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Back Pain Center

Back Pain While Losing Weight

author image Luann Voza
Luann Voza teaches both math and science in an elementary school setting and physical education in a college setting. A former fitness-club owner, Voza has taught group fitness classes in step, aerobics, yoga, Pilates and kickboxing. As a bodybuilder, she held the title of Ms. New Jersey Lightweight Division Winner. Voza has a master's degree in exercise physiology and a doctoral degree in education.
Back Pain While Losing Weight
Why would weight loss cause back pain? Photo Credit Jupiterimages/liquidlibrary/Getty Images

Since losing excess weight is beneficial for improving health and fitness levels, it would be surprising to discover that it may be the source of health problems such as back pain. Developing back pain with weight loss may be the result of several factors. Identifying and correcting the factors will help diminish back pain and discomfort.


Your spine and the muscles surrounding it provide support, stability and mobility. Your lower back and abdominal muscles provide a base of support for your spine, holding your body upright. In addition, they contract and stretch to bend and rotate your spine. Discs are located between the bones in your spine and act like cushions to absorb impact on your spine.


Your muscles, bones and connective tissues are subject to weakness and degeneration. Factors such as aging, smoking and unhealthy lifestyle typically contribute to spinal problems through structural weakening. Structural problems, including spinal deviations, may affect alignment and posture, resulting in back pain. Muscular imbalances and decreased bone density affect movement, causing injuries and spinal problems. Incorrect exercising, lifting and carrying can strain your back, contributing to pain and discomfort.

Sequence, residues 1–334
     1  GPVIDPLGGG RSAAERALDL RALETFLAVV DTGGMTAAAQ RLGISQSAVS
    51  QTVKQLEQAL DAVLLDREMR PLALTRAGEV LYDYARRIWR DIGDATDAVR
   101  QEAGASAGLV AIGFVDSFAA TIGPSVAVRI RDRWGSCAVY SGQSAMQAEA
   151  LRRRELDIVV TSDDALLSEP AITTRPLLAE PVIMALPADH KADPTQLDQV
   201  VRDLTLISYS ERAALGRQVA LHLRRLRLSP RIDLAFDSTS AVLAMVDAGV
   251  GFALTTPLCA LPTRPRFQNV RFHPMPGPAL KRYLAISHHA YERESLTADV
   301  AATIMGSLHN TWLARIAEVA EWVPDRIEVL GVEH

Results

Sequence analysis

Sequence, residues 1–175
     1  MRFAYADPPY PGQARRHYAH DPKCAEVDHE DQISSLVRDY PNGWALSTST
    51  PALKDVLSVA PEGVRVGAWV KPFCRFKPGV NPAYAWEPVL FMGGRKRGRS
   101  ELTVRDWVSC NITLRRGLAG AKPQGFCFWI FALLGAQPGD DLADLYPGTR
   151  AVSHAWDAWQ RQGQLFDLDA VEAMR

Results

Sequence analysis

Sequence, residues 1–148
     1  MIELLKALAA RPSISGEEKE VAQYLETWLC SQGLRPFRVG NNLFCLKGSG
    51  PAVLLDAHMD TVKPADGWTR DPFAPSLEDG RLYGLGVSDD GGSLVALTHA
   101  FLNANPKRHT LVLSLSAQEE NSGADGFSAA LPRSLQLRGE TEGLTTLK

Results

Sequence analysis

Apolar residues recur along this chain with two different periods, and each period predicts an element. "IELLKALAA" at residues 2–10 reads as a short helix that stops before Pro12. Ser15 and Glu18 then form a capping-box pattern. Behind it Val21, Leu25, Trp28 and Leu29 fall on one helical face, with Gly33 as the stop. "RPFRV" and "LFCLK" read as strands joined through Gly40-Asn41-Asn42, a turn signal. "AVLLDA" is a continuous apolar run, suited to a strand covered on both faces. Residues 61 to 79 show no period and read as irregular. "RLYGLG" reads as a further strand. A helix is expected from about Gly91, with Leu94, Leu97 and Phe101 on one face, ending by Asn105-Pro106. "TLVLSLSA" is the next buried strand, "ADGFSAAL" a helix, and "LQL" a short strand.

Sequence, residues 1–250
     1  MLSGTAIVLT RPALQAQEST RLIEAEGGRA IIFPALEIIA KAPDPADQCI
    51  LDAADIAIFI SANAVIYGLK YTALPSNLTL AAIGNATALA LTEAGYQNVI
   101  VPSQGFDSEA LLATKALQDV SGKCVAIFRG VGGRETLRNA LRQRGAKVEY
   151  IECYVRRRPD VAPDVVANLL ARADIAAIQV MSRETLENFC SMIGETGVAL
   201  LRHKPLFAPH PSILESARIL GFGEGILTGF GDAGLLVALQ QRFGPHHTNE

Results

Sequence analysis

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Weight loss is the result of decreasing the amount of calories you consume. A decreased amount of calories may result in an inadequate amount of nutrients for your body. Weight loss that results in a significant amount of water and mineral loss contributes to decreased bone density. Weaker bones can cause spinal misalignments and result in pain. Weight loss as the result of increased physical activity can lead to overtraining, improper mechanics and overuse injuries, including back problems. Body-fat percentages are reduced with weight loss. With reduced body fat, your body loses the cushioning effect of body fat in places such as your buttocks and hips. Reduced cushioning in your buttocks may cause discomfort when sitting on hard surfaces and may affect spinal alignment.


Determining the type of back pain is the first step in diminishing it. For structural problems such as spinal deviations, improving muscular strength in your supporting muscles such as your abdomen and lower back improves alignment. Correcting improper form when exercising, lifting and carrying helps reduce pain from improper body mechanics and movement. Replacing reduced body fat with increased muscle mass will provide a cushion for sitting on hard surfaces.


Back pain with unexplained or unintentional weight loss can be indicative of serious medical issues, such as infections and disease. Individuals experiencing these symptoms should consult a physician.

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